Jacobsen syndrome is a MCA/MR contiguous gene syndrome caused by partial deletion of the long arm of chromosome 11. To date, over 200 cases have been reported. The prevalence has been estimated at 1/100,000 births, with a female/male ratio 2:1. The most common clinical features include pre- and postnatal physical growth retardation, psychomotor retardation, and characteristic facial dysmorphism (skull deformities, hypertelorism, ptosis, coloboma, downslanting palpebral fissures, epicanthal folds, broad nasal bridge, short nose, v-shaped mouth, small ears, low set posteriorly rotated ears). Abnormal platelet function, thrombocytopenia or pancytopenia are usually present at birth. Patients commonly have malformations of the heart, kidney, gastrointestinal tract, genitalia, central nervous system and skeleton. Ocular, hearing, immunological and hormonal problems may be also present. The deletion size ranges from ~7 to 20 Mb, with the proximal breakpoint within or telomeric to subband 11q23.3 and the deletion extending usually to the telomere. The deletion is de novo in 85% of reported cases, and in 15% of cases it results from an unbalanced segregation of a familial balanced translocation or from other chromosome rearrangements. In a minority of cases the breakpoint is at the FRA11B fragile site. Diagnosis is based on clinical findings (intellectual deficit, facial dysmorphic features and thrombocytopenia) and confirmed by cytogenetics analysis. Differential diagnoses include Turner and Noonan syndromes, and acquired thrombocytopenia due to sepsis. Prenatal diagnosis of 11q deletion is possible by amniocentesis or chorionic villus sampling and cytogenetic analysis. Management is multi-disciplinary and requires evaluation by general pediatrician, pediatric cardiologist, neurologist, ophthalmologist. Auditory tests, blood tests, endocrine and immunological assessment and follow-up should be offered to all patients. Cardiac malformations can be very severe and require heart surgery in the neonatal period. Newborns with Jacobsen syndrome may have difficulties in feeding and tube feeding may be necessary. Special attention should be devoted due to hematological problems. About 20% of children die during the first two years of life, most commonly related to complications from congenital heart disease, and less commonly from bleeding. For patients who survive the neonatal period and infancy, the life expectancy remains unknown. PMID:19267933

  4. CHARGE Syndrome Includes Hypogonadotropic Hypogonadism and Abnormal Olfactory Bulb Development

    Microsoft Academic Search

    G. Pinto; V. Abadie; R. Mesnage; J. Blustajn; S. Cabrol; J. Amiel; L. Hertz-Pannier; A. M. Bertrand; S. Lyonnet; R. Rappaport; I. Netchine

    2010-01-01

    Context: CHARGE (coloboma, heart defect, choanal atresia, re- tarded growth and development, genital hypoplasia, ear abnormali- ties, and\\/or hearing loss defect) syndrome consists of a combination of congenital malformations including genital hypoplasia and re- tarded growth. Objective: The objective of the study was to study gonadotropic axis function and growth parameters in CHARGE syndrome. Design: This was a retrospective study.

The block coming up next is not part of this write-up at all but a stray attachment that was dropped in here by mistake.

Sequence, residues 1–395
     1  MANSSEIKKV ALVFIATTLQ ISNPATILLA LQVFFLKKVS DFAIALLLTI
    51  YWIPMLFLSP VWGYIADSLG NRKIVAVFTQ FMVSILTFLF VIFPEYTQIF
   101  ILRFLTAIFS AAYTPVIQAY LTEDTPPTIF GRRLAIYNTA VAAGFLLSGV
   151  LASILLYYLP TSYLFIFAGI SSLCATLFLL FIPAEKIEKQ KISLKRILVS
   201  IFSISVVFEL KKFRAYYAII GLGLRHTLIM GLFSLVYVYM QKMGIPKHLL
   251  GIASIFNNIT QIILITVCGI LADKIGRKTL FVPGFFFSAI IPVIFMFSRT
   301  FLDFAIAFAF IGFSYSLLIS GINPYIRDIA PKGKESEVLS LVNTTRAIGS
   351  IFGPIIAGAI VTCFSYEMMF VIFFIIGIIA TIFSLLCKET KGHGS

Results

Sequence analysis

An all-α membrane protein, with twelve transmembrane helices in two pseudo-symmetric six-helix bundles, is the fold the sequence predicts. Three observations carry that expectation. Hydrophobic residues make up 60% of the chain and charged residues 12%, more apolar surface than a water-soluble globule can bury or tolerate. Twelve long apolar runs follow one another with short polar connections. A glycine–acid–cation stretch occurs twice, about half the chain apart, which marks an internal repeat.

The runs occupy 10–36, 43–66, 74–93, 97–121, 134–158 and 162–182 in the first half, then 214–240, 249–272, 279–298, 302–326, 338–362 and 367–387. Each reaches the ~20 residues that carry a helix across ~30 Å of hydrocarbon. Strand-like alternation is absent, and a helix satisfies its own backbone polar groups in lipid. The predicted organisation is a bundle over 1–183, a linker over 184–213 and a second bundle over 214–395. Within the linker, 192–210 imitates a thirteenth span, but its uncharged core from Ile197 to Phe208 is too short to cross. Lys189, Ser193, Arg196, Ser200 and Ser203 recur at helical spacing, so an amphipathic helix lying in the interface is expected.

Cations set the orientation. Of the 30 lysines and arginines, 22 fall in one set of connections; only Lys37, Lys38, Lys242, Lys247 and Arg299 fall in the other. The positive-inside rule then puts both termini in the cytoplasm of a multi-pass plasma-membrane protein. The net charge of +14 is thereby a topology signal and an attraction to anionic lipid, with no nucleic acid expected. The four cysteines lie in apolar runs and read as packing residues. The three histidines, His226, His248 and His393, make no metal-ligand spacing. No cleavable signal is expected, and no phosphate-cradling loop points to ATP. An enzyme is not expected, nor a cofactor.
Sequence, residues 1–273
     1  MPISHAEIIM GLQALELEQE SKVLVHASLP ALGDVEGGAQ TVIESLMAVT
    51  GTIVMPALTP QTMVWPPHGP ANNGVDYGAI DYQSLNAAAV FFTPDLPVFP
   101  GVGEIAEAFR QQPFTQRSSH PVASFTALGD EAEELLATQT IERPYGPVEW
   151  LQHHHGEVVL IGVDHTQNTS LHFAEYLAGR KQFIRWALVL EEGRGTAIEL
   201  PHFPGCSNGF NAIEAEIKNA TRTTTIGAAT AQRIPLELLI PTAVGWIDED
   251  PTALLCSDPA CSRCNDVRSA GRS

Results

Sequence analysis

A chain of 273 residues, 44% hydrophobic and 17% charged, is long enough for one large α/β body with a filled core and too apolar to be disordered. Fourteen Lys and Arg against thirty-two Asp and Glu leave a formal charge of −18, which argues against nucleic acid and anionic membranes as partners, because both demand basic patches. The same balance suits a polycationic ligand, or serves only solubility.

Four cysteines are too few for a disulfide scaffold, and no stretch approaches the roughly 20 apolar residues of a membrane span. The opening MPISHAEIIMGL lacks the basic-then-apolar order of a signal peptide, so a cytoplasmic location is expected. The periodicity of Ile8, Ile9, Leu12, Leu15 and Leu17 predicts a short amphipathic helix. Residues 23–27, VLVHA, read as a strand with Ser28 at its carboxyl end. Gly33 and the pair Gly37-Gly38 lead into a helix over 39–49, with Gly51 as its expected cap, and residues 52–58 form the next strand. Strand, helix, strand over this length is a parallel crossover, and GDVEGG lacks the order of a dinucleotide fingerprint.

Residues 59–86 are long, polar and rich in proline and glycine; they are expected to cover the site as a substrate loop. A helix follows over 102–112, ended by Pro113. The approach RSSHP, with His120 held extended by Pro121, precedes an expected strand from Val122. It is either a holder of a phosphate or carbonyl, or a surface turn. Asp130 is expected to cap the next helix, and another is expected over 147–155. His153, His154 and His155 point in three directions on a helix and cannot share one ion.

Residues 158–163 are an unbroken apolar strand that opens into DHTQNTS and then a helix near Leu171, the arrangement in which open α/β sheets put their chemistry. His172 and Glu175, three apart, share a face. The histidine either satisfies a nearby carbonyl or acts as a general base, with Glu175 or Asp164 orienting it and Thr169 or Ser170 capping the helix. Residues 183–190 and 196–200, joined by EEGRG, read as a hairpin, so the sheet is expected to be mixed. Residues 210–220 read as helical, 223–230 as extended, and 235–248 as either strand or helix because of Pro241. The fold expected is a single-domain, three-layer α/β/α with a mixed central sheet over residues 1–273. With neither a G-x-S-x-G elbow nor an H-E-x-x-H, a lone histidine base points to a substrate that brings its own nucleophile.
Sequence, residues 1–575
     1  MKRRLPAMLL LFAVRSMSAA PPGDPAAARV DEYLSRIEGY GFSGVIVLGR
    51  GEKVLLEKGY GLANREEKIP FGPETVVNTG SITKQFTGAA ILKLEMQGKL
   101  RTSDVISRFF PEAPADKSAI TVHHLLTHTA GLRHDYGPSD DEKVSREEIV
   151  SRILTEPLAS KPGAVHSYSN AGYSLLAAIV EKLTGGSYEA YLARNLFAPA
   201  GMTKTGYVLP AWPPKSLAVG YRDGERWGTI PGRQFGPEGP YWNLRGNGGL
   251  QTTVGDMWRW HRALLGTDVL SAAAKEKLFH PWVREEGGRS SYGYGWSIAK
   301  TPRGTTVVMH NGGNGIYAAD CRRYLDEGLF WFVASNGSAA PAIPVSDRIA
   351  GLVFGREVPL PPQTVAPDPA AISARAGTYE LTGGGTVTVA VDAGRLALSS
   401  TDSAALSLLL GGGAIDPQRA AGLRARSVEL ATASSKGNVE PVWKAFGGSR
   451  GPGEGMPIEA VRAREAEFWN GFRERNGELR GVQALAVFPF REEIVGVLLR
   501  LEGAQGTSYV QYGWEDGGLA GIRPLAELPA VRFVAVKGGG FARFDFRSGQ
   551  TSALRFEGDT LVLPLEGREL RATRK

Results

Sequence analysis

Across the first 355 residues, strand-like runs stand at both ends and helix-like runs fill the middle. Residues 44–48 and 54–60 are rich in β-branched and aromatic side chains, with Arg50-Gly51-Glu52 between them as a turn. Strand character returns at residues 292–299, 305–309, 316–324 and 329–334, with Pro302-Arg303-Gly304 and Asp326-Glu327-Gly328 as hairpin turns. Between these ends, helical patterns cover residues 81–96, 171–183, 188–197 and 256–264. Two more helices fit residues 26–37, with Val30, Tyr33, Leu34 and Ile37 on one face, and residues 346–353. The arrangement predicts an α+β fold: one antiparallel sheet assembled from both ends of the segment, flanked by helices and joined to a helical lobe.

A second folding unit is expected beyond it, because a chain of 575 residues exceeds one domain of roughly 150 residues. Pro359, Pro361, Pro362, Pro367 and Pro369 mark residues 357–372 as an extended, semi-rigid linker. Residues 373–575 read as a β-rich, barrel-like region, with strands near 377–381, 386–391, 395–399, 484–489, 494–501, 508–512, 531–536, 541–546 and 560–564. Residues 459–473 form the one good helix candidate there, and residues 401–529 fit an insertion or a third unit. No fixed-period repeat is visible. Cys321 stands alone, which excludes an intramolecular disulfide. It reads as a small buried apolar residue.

5. SIRENOMELIA (MERMAID SYNDROME) IN AN INFANT OF A DIABETIC MOTHER

    Microsoft Academic Search

    F. Davari Tanha; M. Kaveh; Mirza Koochak

    Caudal regression syndrome (caudal dysplasia sequence) is a rare congenital malformation. It has a spectrum ranging from simple anal atresia to the absence of sacral, lumbar and possibly lower thoracic vertebrae and the most severe form called sirenomelia (Mermaid syndrome). Sirenomelia has a sole characteristic which is the lower limbs fusion, with multiple internal structural abnormalities particularly in the renal

  6. Hereditary Hemorrhagic Telangiectasia with Hepatic Vascular Malformations

    PubMed Central

    Nishioka, Yujiro; Akamatsu, Nobuhisa; Sugawara, Yasuhiko; Arita, Junichi; Sakamoto, Yoshihiro; Hasegawa, Kiyoshi; Kokudo, Norihiro

    2015-01-01

    Hereditary hemorrhagic telangiectasia (HHT) is a rare autosomal dominant hereditary disease. Early diagnosis is important to avoid complications from vascular lesions, but diagnosis is difficult in asymptomatic patients. A 69-year-old Japanese male patient was referred to our hospital for evaluation of hepatic vascular malformations. He had mild anemia with iron deficiency, and dynamic contrast-enhanced computed tomography revealed significant arteriovenous and arterioportal shunts throughout the liver. Telangiectasia from the pharynx to the duodenum was confirmed by gastrointestinal endoscopy. The patient history revealed episodes of epistaxis as well as a family history of epistaxis. He was diagnosed with HHT, although no other family member had been diagnosed with definite HHT. A diagnosis of HHT must be considered in patients with hepatic vascular malformations.

  7. Embolization and radiosurgery for arteriovenous malformations

    PubMed Central

    Plasencia, Andres R.; Santillan, Alejandro

    2012-01-01

    The treatment of arteriovenous malformations (AVMs) requires a multidisciplinary management including microsurgery, endovascular embolization, and stereotactic radiosurgery (SRS). This article reviews the recent advancements in the multimodality treatment of patients with AVMs using endovascular neurosurgery and SRS. We describe the natural history of AVMs and the role of endovascular and radiosurgical treatment as well as their interplay in the management of these complex vascular lesions. Also, we present some representative cases treated at our institution. PMID:22826821